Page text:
Extracting Data from New PDM (ibf file extenstion)

Hi All,

I have been trying to extract the data from the new Insulet PDM unit through its USB connect but without the use of the CoPilot software. Has anyone been successful at doing it? I am getting and IBF file name. Apparently it may sand for Instant Backup File. It is seems encrypted when I try to open it with an text editor like NotePad.

Again, I appreciate your help

Download the CoPilot software. It is well worth being able to run all of the reports, and the reports make talking to your endo incredibly easy. After taking MDI for 43 years (and avoiding tubed, always-hanging-on insulin pumps), I finally found the OmniPod. I have only been on it for two weeks (as of tomorrow!), but I would not change back for anything. So far I have had no problems, but I have found having the reports from CoPilot in front of me when I talk to my endo is very helpful. I also can save the reports as PDF files and attach them to e-mails to my endo’s office so we both are working off of the same page. Buy the software. It is well worth it. My only regret with it is that I must run it on my husband’s Dell rather than my new Mac… ah, well, a small inconvenience considering the better control having the numbers gives me.

I’m not sure what the .ibf file even is. When I use Copilot I end up opening Copilot and having it specially download the files from the PDM, my computer doesn’t recognize that copilot can even read the .ibf file. As Sherry Ann said though, if you can download the Copilot software it is entirely worthwhile with the reports it gives and the way it shows and saves past Data. Good luck.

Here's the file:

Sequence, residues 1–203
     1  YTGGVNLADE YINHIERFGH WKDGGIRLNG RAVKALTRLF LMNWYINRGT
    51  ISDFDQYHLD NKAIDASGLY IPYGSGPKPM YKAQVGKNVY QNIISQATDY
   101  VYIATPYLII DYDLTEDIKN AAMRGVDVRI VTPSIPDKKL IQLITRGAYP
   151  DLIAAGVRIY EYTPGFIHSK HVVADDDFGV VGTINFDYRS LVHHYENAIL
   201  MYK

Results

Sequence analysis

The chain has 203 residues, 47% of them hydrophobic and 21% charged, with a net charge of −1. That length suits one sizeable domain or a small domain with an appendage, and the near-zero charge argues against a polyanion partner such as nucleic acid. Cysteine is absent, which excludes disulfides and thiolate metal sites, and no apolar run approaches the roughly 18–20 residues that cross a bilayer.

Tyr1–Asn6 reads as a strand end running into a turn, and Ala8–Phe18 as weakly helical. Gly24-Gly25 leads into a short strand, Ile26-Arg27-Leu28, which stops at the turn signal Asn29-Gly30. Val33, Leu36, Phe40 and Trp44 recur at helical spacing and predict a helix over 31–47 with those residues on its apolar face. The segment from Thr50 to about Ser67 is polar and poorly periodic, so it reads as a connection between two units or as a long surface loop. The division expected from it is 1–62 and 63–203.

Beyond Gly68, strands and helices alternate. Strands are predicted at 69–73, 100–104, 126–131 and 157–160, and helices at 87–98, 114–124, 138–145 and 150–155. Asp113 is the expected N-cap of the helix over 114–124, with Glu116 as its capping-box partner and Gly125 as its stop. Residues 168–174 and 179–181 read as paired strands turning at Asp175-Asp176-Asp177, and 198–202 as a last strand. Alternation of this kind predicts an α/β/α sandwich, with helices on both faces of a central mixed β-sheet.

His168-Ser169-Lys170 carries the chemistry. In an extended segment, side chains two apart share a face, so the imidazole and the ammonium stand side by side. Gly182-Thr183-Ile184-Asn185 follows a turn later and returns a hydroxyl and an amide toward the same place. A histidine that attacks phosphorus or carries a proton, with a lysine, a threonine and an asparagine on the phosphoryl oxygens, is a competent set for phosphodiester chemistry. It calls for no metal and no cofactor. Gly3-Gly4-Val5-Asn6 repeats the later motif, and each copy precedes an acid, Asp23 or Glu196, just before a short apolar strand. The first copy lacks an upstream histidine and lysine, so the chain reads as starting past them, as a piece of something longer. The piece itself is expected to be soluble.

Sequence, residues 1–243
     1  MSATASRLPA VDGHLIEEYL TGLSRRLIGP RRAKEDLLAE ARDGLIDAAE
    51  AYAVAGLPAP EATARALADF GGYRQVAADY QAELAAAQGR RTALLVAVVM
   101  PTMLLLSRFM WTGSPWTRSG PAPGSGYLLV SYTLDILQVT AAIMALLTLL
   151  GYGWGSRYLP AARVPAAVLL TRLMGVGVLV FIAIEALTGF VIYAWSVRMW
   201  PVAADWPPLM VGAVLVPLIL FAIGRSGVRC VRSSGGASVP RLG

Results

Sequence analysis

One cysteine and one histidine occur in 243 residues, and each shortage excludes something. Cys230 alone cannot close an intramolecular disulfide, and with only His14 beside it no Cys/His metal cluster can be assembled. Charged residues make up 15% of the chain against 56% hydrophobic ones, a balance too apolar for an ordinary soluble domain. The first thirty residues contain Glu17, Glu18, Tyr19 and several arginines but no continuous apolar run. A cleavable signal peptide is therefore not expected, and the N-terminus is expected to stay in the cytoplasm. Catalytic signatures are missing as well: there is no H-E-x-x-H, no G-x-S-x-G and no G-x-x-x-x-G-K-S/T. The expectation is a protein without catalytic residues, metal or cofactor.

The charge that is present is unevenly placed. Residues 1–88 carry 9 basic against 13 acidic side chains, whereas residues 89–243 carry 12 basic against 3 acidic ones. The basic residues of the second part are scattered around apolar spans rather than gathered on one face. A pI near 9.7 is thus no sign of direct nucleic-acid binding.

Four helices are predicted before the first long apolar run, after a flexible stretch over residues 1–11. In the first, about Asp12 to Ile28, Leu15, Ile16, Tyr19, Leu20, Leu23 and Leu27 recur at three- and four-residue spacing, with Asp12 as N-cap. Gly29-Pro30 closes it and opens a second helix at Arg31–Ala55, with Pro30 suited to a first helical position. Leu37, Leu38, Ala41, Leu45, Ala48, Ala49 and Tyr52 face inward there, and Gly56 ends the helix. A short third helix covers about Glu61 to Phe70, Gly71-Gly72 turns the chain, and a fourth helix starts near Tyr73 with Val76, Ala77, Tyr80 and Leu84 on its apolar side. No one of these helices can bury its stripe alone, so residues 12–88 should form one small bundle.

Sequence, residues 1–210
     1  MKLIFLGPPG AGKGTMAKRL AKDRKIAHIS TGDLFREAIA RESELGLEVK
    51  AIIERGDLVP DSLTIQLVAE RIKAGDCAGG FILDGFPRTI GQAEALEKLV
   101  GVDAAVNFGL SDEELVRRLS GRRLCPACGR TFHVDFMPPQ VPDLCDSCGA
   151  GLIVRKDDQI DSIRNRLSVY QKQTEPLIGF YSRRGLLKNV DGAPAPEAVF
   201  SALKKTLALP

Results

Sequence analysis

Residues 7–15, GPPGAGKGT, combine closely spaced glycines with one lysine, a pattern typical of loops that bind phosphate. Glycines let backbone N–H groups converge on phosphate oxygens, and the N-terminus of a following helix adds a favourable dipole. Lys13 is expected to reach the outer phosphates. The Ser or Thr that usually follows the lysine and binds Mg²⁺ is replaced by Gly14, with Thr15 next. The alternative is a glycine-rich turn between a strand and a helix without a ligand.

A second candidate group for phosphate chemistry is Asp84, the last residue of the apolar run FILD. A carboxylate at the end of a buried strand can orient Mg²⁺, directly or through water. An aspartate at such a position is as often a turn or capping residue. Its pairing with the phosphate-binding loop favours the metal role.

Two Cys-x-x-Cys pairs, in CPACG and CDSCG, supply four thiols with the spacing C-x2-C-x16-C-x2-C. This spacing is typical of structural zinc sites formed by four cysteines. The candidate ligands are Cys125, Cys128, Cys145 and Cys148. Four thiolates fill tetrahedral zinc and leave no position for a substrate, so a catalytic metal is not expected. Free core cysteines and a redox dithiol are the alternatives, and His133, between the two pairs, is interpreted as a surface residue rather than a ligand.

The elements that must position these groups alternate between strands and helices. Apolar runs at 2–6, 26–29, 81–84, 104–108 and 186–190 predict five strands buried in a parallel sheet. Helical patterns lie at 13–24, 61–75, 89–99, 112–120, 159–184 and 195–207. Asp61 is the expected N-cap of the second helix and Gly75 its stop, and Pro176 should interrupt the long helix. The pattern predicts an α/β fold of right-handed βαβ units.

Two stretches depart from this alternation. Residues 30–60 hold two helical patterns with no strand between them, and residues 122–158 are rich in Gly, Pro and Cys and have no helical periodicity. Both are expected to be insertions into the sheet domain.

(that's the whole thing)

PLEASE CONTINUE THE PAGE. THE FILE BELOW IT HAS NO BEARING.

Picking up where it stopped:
I’ve also looked into trying to interpret the files. I don’t think they are actually from the Instant Backup program, though. The fact they use the same file extension (.ibf) is just a coincidence. Just to be sure I even downloaded Instant Backup and tried to use it to open one of the PDM files, but it did not work.
Being a software developer myself I would like to develop some custom software that does some of what CoPilot does, but specifically tailored to OmniPod and my own desires. If I can figure out how to parse the files I will start working on a program that can run on Windows and Mac OS X (I have both but use the Mac 90% of the time).
I’ve asked my local Insulet rep to put me in contact with someone in the engineering department at Insulet; so far, that has not panned out but I’m hoping it might.